What is a Smart City in 2024?

February 5, 2024

Smart Cities often get associated with large-scale data and technology, but this perspective obscures what a Smart City actually is in 2024.

Since becoming popularised in 2010 with IBM’s Smarter Cities Challenge, the term Smart City has been used to paint with a broad, technology-heavy brush.

Smart Cities are often associated with futuristic technological networks, the Internet of Things (IoT) and large-scale data capture. However, this input-focused view has, in recent years, turned toward a more outcome-focused space that’s potentially changed what the ‘smart’ in Smart City means.

The idea of a Smart City has often been focused on Information and Communication Technologies (ICT) and the Internet of Things – objects embedded with sensors for data exchange – as well as mobile solutions and big data to help the government improve operational efficiency. Some examples of Smart City infrastructure include:  

  • Using sensors in bins to amass data and make waste management and collection more efficient
  • Smart parking that directs commuters to available parking spots using real-time data (and helps identify overstay)
  • Management of lighting networks and fault identification, which can also be combined with air quality sensors and CCTV
  • Monitoring energy consumption to understand how much an asset, such as a BBQ, is being utilised
Australian cities like Melbourne are activating Smart City projects.

This is the more traditional interpretation of what ‘smart’ means: network intelligence. Today, however, the definition is less technological and more aspirational – the ‘smart’ in Smart City is more focused on providing sustainability and liveability outcomes.

To put it another way, Smart City initiatives have pivoted from visions of large-scale digital interconnection to more holistic problem solving that uses technology to achieve a higher quality of life for communities.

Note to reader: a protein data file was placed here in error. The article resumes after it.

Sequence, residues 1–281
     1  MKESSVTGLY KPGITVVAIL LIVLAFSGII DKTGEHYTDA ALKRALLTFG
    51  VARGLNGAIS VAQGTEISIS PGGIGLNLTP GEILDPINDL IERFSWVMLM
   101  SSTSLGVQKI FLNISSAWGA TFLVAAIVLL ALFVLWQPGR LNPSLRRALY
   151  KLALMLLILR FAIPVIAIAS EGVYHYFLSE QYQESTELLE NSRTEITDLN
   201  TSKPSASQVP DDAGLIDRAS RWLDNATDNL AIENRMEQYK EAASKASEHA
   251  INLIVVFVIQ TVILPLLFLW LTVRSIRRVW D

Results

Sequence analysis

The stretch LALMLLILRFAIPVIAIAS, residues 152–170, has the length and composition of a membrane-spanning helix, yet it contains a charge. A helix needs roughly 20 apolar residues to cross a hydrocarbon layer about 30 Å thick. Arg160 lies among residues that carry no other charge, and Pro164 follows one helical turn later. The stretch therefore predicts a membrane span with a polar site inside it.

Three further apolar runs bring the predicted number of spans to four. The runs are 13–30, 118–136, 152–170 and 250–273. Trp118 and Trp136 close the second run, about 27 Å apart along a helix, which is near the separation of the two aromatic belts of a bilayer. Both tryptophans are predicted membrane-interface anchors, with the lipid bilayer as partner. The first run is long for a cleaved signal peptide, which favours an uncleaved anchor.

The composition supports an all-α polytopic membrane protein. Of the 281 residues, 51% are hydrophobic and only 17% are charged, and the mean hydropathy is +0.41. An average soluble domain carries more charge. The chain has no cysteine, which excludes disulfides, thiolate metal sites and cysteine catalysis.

Some current Smart City initiatives include:  

  • Contactless payments in public transport networks to make planning and paying for trips easier
  • Building charging infrastructure to support the growth of private EV use across a city
  • Digitising government forms of ID to speed up and simplify citizen access to city services
  • To assist deaf and blind people navigating the city, Melbourne is trialling beacon technology in Cambell Arcade to transmit location-specific information to smartphones
  • To improve urban water quality and assist in the protection of the Great Barrier Reef, the Cairns Regional Council collaborated with James Cook University and other partners to commission a network of environmental sensors in Cairns’ Saltwater Creek to obtain real-time water quality and flow data
  • Using multiple datasets and machine learning, New South Wales’ Smart Beaches initiative is saving lives by providing surf life savers with real-time readings on tide conditions and wave patterns
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This shift in perspective puts the attention on the ‘what’ and ‘why’ of modern Smart Cities, but it doesn’t necessarily mean the ‘how’ – using technology and data – has shifted from what it was before. The conversation has simply changed to become more concerned with solving real-life problems for citizens than talking about the means of achieving it.  

Since the ‘how’ of building a Smart City has remained relatively unchanged, Smart Cities still put significant focus into raw data capture. This means that device networks, as well as the means to monitor them through platforms like Planwisely, will remain a real and impactful part of any Smart Cities strategy. The benefits that ‘smart’ infrastructure can have within the realms of transport, energy and the environment, health, education, governance and more indicate that all levels of government can get tangible benefits from a 'smart' approach to planning for the future.

For governments and councils, it’s clear that technology has a role to play in improving people’s lives. This means that Smart Cities initiatives will continue to grow in importance and, hopefully, efficacy as time goes on.

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